I was born on a sunny Mardi Gras in the town of Anzio, which is also the birthplace of Nero and Caligula… Now, make of that what you will, but I feel it was a good opening sentence for a short autobiography.
In more serious terms, I’m Alfredo (he/him). I’m an Italian astrophysicist, science journalist, and science communicator under the moniker of The Astroholic. My day job is senior staff writer and space correspondent for IFLScience. The gay job that I do in my free time is being the chair (and founder) of Pride in STEM, an award-nominated charity dedicated to supporting and showcasing LGBT people in science, technology, engineering, and maths.
Pride in STEM and other sibling organisations launched LGBTQ+STEM Day, the international day for LGBTQIA+ people in STEM, which is an annual global event that takes place on November 18. For this work, I was recognised as one of the 100 LGBTQ trailblazers by Attitude Magazine.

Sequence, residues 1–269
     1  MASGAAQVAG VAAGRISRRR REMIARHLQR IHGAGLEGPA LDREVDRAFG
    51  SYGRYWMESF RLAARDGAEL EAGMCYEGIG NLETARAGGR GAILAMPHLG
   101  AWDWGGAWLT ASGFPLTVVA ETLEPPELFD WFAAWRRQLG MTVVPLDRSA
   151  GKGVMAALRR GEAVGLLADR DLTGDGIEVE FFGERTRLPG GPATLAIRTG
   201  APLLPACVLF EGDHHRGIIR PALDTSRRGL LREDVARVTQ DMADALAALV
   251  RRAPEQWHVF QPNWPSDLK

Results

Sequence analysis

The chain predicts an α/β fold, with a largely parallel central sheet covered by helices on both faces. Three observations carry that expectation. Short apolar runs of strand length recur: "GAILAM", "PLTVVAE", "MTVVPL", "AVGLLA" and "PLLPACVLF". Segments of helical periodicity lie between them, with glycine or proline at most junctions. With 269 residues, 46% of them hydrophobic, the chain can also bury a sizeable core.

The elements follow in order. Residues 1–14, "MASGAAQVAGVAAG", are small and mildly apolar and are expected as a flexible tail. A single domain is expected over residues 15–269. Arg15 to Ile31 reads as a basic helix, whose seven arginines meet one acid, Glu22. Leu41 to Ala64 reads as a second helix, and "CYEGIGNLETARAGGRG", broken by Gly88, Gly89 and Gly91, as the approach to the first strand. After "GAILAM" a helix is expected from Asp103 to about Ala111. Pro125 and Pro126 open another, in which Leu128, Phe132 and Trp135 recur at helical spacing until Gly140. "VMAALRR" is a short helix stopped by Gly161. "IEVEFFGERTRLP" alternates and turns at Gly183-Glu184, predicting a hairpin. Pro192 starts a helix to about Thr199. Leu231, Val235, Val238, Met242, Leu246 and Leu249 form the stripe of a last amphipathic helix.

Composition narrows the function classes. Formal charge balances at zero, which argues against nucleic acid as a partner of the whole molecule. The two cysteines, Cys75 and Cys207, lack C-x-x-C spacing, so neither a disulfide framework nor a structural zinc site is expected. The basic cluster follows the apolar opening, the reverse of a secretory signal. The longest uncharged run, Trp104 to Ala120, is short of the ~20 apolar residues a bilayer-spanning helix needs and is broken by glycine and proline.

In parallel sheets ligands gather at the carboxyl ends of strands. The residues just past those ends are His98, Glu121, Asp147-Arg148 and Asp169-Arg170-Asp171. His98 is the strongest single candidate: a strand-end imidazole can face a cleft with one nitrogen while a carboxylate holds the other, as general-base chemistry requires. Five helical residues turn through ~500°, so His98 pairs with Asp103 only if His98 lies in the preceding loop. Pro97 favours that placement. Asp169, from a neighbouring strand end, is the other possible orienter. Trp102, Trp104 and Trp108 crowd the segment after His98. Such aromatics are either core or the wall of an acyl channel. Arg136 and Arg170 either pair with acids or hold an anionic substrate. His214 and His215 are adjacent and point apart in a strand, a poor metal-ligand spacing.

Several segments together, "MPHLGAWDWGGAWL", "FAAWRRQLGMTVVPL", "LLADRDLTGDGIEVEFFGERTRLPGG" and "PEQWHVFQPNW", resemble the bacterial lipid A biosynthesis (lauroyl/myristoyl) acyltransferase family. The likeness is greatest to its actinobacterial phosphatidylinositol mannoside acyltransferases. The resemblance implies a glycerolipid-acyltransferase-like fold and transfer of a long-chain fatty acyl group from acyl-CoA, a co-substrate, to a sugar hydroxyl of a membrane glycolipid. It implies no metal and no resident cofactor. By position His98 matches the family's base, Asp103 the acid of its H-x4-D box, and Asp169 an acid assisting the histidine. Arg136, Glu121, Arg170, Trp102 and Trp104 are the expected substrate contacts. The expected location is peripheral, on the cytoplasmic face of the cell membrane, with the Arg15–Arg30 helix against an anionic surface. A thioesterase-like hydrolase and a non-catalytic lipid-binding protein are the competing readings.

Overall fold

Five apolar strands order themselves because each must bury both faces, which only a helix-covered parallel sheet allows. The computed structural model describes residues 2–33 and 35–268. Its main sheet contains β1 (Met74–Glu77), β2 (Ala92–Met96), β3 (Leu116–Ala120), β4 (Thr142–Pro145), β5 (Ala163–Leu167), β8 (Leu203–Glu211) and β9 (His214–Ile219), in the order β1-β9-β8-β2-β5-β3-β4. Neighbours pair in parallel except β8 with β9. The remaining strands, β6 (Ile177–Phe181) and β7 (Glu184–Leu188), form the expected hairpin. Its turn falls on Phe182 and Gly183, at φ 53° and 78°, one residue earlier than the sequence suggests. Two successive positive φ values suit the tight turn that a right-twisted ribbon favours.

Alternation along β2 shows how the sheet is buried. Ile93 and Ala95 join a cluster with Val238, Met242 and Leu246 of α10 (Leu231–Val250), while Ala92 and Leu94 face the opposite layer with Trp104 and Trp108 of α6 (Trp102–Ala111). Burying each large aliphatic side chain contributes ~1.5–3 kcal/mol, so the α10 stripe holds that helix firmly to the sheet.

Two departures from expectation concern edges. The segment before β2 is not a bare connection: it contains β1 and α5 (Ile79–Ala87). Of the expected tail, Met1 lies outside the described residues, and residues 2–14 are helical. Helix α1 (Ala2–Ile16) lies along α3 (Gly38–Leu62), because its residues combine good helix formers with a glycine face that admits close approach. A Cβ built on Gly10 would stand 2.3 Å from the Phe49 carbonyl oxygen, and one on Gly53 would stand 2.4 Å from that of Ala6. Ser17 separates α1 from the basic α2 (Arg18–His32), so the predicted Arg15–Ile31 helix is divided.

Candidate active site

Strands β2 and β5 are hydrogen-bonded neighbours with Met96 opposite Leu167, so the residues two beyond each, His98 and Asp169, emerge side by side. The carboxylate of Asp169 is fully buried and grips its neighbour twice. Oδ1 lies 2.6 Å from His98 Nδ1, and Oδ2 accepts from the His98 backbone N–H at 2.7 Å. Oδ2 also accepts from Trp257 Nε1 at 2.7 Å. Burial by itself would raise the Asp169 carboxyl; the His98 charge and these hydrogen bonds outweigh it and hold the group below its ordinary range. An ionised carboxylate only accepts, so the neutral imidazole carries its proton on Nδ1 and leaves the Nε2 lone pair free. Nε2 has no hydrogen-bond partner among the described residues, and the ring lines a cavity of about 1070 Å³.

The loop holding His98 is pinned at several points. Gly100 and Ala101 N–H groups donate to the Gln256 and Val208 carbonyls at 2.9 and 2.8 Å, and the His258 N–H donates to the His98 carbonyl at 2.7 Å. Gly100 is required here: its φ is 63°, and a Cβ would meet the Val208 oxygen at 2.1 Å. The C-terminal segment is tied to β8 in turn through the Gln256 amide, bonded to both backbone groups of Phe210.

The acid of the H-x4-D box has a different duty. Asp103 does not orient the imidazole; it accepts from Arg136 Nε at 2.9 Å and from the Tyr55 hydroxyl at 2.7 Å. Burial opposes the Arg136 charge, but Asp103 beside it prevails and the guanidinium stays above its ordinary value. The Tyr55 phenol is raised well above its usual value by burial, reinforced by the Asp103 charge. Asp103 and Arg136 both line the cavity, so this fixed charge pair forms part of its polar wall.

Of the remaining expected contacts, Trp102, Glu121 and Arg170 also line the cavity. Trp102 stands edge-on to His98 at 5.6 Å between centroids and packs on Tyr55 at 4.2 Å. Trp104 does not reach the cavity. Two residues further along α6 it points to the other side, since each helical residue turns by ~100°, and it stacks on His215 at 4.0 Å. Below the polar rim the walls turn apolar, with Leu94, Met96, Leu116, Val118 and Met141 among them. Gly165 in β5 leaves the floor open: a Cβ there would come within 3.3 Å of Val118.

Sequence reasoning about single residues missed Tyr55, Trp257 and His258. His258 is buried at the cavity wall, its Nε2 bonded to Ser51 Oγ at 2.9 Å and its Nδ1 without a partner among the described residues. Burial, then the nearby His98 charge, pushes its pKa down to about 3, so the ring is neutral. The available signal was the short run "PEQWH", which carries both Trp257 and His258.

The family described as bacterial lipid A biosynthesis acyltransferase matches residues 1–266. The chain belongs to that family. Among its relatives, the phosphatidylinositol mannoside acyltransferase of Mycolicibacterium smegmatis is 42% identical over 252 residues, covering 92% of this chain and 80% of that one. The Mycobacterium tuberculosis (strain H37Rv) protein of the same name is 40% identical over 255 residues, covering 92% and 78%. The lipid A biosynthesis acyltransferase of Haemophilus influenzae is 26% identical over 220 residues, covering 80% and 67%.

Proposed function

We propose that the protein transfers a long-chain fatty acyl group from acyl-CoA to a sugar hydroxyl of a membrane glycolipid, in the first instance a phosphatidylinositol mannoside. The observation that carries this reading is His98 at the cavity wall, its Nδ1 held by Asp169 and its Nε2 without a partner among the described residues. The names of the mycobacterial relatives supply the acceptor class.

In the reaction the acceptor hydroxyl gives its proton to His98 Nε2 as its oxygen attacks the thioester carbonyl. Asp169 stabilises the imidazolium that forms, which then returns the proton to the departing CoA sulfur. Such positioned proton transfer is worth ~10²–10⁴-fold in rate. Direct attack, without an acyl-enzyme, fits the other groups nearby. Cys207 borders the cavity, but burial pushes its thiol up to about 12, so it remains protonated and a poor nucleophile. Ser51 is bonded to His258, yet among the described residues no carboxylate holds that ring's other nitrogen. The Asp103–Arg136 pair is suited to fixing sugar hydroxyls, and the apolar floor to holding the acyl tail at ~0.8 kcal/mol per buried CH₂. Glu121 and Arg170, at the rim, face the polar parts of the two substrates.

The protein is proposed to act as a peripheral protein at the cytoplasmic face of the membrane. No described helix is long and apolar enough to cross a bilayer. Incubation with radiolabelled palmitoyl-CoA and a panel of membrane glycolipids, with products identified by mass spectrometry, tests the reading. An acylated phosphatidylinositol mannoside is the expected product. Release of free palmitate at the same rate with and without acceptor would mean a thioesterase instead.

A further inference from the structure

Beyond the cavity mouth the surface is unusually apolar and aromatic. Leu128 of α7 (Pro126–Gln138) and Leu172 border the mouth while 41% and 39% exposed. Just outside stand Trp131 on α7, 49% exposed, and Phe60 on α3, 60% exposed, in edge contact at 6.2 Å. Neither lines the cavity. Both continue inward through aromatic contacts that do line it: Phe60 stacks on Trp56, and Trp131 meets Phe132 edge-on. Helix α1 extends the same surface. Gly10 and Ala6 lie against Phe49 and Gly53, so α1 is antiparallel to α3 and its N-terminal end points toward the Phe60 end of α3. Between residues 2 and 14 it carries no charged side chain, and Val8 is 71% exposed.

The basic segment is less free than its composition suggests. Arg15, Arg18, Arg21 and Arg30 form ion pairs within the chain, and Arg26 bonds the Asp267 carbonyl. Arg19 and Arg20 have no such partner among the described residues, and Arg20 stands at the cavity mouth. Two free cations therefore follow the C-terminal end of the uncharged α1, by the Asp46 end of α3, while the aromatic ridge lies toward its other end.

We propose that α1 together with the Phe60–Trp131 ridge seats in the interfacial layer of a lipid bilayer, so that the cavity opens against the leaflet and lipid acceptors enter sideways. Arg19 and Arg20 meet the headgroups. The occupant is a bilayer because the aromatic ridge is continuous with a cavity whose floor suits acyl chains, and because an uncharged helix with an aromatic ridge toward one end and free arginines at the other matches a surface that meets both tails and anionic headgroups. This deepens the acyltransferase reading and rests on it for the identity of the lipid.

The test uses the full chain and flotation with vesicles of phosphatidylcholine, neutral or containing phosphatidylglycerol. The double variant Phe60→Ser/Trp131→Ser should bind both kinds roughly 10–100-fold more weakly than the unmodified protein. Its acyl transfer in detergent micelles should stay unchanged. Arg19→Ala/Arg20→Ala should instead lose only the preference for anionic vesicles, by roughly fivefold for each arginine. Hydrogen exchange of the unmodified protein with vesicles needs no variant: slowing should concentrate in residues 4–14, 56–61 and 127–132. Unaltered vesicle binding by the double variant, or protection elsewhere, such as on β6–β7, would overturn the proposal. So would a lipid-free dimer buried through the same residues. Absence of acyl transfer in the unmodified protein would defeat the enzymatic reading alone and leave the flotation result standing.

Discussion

I have a Ph.D. in Astrophysics and an M.Sc. in Quantum Fields and Fundamental Forces from Imperial College, and a bachelor’s degree in Physics and Astrophysics from Rome’s first university La Sapienza.
What I Do
Science communication is a central part of my career and one of my core passions and I use my blog, talks and podcasts to communicate scientific ideas to a wide range of audiences.
As chair and founder of Pride in STEM I strive to raise the profile of LGBT people in STEM and highlight the struggles they face.
My Ph.D. research focused on the role of galaxy mergers in the evolution of massive galaxies and I continue to actively participate in scientific research.
I was asked on Twitter on behalf of a very curious four-year-old what was the fastest moon in the Solar System. And I need to admit that I was a bit stumped. Which moon moves the fastest around its planet? Well, the answer might surprise you. Or maybe not. My reasoning is that the bigger […]
In the zone of avoidance, far from us, something is pulling the Milky Way and so many other galaxies. It is time to meet The Great Attractor, a fascinating gravitational object.